For the past 147 years, the National League has survived and thrived to become the oldest professional league of any sport. The American League began play in 1901, and the two circuits have coexisted under the umbrella of major league baseball. Over the past century and a half, rules have been created, altered, and eliminated, but for the most part, the game today still resembles what baseball’s founding fathers envisioned long ago.
However, MLB commissioner Rob Manfred is seemingly fixated on revising the national pastime into an unrecognizable product to attract more fans, one that has baseball purists, old and young, longing for the days of wool uniforms and twinight doubleheaders. Commissioner Manfred’s mandated rule changes for 2023 will prove to be a bridge too far and will ironically result in precisely the opposite of what the rule changes were designed to accomplish.
The most popular reason cited by those in favor of altering the dynamics of baseball is to attract a wider fan base and promote a better experience for all at the ballpark. The NFL and NBA are far more popular with younger people; the fast-moving athletes and action keep that generation’s collective and dwindling attention spans better than a major league baseball game. MLB consultant Theo Epstein said, “We’ve been asking hundreds, thousands and, through surveys, tens of thousands of baseball fans and players and executives and scouts and everybody else. And you do see some common trends in what the best version of the game means to people.” Plainly said, the consensus was action, balls in play (i.e. a lower percentage of plate appearances that result in home runs, strikeouts, and walks), athleticism on the basepaths and in the field, and, above all else, a faster pace.
Truth be told, games have taken less time to complete. As a piloted experiment last year, the pitch timer reduced the average game time in the Minor Leagues last year by 25 minutes. But, in order to fully appreciate that statistic, one must fully understand, or at least attempt to comprehend, all of which that rule consists.
THE PITCH CLOCK
The most egregious and invasive modification to this year’s rule book is the creation of the pitch clock. On the surface, the basics of this new directive appear quite busy. In order to create a crisper pace of play, there will be a 30-second timer between batters and then a 15-second timer between each pitch with the bases empty, and a 20-second timer between each pitch with runners on base. But, as they say on the late-night infomercials, wait, there’s more. The pitcher must go into his motion prior to the expiration of the timer or else be charged with an automatic ball. The pitcher is allotted two “disengagements” (a step-off or a pickoff attempt) without penalty. A third disengagement will be ruled a balk unless an out is recorded on the bases (i.e., a successful pickoff attempt).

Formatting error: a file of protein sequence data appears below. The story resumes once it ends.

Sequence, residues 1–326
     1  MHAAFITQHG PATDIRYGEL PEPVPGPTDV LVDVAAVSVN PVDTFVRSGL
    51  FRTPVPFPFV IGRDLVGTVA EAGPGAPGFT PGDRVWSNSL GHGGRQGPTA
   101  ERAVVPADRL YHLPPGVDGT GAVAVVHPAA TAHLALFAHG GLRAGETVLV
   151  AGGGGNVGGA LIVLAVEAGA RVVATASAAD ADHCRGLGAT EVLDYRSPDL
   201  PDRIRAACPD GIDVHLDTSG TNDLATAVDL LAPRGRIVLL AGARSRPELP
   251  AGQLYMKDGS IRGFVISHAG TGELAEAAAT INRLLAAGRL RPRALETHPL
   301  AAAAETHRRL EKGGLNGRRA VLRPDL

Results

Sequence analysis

Did you think this only affected the pitchers? Guess again. The batter must be in the batter’s box and alert to the pitcher by the 8-second mark on the timer or else be charged with an automatic strike. Also, based on last year’s minor league experiment, an unintended consequence of the pitch clock was the increase in stolen bases. Isn’t that a good thing, you ask? More action on the basepaths and overall action is what they want, right? Maybe, but think about it from the pitcher’s perspective. For them, this rule change means less time to think about which pitch to throw, which leads to more hittable pitches and baserunners, then those runners moving into scoring position more readily because of the limits for holding a runner on base.
Did you get all that? Are you able to translate and spit out the relevant details on a pop quiz? I didn’t think so. And I haven’t even talked about the limits of defensive shifts and the bigger bases. That is a whole other onion to peel.
WHERE WILL IT END, MR. MANFRED?
Nothing is more frustrating than changing simply for change’s sake. I mean, it is pretty obvious based on player salaries that baseball is not suffering economically; owners and players have never made more money than they do now. So, in order to attract the fringe fan with new and innovative rules, Rob Manfred and major league baseball are thereby ignoring the opinions of their true fans: the baseball purists. A true baseball fan will tell you that in baseball, the action is the inaction; the excitement and intrinsic value of the sport is analyzing the action while nothing is happening.
In other words, baseball requires thought and does not need to have all of your senses piqued while watching it. I tell friends of mine who are not baseball fans that it is a thinking person’s sport and requires intelligence, so hang in there and hopefully, someday you will figure it out. As Leo Durocher once said, “Baseball is like church. Many attend, but few understand.” By dumbing down baseball, Commissioner Manfred is coming dangerously close to making baseball less unique by jacking up the rules. Unfortunately, these changes will probably work to attract the uneducated fan, and this will prove to be just the beginning of the sport’s overhaul.
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